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Legislation to Reduce American Dependence on Chinese Minerals Is Here

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Posted: May 14, 2020 3:45 PM
Legislation to Reduce American Dependence on Chinese Minerals Is Here

Source: AP Photo/Jose Luis Magana

As the United States starts to slowly restart its economic engine, Republican lawmakers in Washington, D.C., are getting to work on ways to end American dependence on China.

Texas Senator Ted Cruz, who sits on the Senate Foreign Relations Committee, introduced legislation this week that would allow companies in the U.S. to harvest rare earth minerals. Currently, American companies do not have domestic supply chains for rare earths, which are crucial to a number of technological and military products.

"Over the last few decades the Chinese government worked with their companies to systematically drive competitors out of the market, and centralize the supply chain in China," Cruz's office released in a statement about the legislation. "The ORE Act is designed to reduce U.S. dependence on China and establish a supply chain for rare earth elements and critical minerals in the U.S. Specifically, the legislation 1) provides tax incentives for the rare earths industry, including expanding and making permanent full-expensing provisions in the Tax Cuts and Jobs Act, 2) requires the DOD to source rare earth minerals and critical elements from the U.S., and 3) establishes grants for pilot programs to develop these materials in the U.S."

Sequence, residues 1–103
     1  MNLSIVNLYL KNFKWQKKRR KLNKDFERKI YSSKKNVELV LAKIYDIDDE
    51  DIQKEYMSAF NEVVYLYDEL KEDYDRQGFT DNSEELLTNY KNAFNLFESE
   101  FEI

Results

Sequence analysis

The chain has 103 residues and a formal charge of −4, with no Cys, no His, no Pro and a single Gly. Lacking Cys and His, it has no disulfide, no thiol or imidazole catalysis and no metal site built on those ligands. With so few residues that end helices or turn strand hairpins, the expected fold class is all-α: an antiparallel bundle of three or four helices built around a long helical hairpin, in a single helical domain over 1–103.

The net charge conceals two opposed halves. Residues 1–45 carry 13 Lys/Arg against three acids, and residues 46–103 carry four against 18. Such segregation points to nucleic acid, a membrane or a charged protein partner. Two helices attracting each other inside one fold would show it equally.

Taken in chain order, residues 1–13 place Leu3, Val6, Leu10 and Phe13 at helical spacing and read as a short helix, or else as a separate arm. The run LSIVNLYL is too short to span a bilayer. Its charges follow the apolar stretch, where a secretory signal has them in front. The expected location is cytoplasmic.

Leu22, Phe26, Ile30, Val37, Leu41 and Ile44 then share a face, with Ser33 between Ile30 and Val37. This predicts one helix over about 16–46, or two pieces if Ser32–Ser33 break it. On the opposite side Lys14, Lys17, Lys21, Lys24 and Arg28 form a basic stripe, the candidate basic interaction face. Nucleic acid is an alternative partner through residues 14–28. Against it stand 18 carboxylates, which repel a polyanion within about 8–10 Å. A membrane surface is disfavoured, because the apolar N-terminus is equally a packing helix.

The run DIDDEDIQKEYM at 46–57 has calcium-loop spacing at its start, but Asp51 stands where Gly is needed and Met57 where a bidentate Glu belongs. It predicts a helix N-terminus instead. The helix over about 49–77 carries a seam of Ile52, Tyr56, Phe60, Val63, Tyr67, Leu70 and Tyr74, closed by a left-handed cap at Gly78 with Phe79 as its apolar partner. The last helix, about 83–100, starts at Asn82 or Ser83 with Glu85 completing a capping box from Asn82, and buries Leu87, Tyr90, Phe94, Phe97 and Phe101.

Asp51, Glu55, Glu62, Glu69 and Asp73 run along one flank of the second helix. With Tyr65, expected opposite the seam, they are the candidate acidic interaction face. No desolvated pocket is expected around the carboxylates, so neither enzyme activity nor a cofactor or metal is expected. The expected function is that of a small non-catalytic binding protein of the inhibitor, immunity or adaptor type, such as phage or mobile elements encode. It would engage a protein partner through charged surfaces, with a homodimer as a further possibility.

In late 2017, the Interior Department was directed by President Trump to research and list the different kinds of usable rare earth minerals that exist in the United States. They came up with 17.

"The most important long term national security and foreign policy consequence of this coronavirus pandemic is going to be a fundamental reassessment of the United States' relationship with China. I believe China is the most significant geopolitical threat to the United States for the next century, and I have been saying that for years," Senator Cruz said about the bill. "Many in Washington have not been interested in hearing it or have refused to listen. I think this coronavirus pandemic has opened the eyes of many in Congress, many in Washington, and even some in the media."